We have a bunch of people on here that insist upon using partisan blogs as primary literature. If one only reads wattsupwiththat, of course they would be convinced that AGW is not real. In fact, if that is all the data that they have, it would rational to think that climate science is akin astrology. But the Watts blog picture of climate science is so incomplete that any conclusion derived from it alone is bound to be inaccurate. As jim so astutely points out "Bad or biased info in, bad projections out".
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  6. MichaelJoeWilliamson
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    MichaelJoeWilliamson Well-Known Member

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    My goodness. Where to start?

    You discount the sensitivity argument. Yet you illuminate the parts about "AGW being real." What makes this behavior any different than that of WUWT?

    The sensitivity argument is really the cornerstone of AGW. If that is low enough, then AGW is, on balance, beneficial.
  7. MichaelJoeWilliamson
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    MichaelJoeWilliamson Well-Known Member

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    [​IMG]

    http://opinion.financialpost.com/2013/09/16/ipcc-models-getting-mushy/




  8. Gatorrick22
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    Gatorrick22 Well-Known Member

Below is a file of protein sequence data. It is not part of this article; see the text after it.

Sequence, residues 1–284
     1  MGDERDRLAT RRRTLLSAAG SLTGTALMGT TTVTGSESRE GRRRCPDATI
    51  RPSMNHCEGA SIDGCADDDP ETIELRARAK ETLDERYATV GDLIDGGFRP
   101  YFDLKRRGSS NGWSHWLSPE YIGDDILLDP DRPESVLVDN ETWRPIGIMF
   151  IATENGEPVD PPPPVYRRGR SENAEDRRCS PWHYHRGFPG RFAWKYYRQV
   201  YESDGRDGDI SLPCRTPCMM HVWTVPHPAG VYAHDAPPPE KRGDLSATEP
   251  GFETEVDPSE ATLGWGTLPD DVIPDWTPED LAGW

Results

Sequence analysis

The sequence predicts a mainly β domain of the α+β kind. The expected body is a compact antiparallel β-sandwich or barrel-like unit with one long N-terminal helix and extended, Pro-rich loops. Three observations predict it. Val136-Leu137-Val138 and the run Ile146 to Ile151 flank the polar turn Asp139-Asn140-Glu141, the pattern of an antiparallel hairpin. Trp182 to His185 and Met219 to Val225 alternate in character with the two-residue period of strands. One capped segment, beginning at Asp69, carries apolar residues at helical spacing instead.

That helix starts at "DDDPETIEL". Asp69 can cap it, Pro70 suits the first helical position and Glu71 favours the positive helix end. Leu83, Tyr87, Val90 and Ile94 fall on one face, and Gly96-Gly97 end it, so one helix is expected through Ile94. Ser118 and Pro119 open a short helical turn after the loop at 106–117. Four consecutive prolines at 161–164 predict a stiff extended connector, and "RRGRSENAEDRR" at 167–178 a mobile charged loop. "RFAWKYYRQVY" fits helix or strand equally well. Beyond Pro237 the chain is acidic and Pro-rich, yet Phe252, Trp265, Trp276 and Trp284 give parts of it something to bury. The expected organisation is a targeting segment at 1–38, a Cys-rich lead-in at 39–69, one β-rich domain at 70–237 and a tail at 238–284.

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  9. GatorRade
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    GatorRade Well-Known Member

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    For one, I never discounted the sensitivity argument at all. My goal was simply to describe the selective views of others on the thread. The sensitivity argument might be right, I don't know. Although as it is increasingly looking like there is a temperature standstill, it seems less like a sensitivity issue, but I'll always defer to the climate scientists.

    I'm confused on this part. Beneficial, as in adds value to life?
  10. MichaelJoeWilliamson
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    MichaelJoeWilliamson Well-Known Member

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    This might be one we check out in 17 years.

  11. tegator80
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    tegator80 Well-Known Member

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    That sort of reminds me of the Oral Roberts quote where he told his audience that unless he received $8 million in donations in 3 months that "God would call me home." It is amazing what some people can get away with.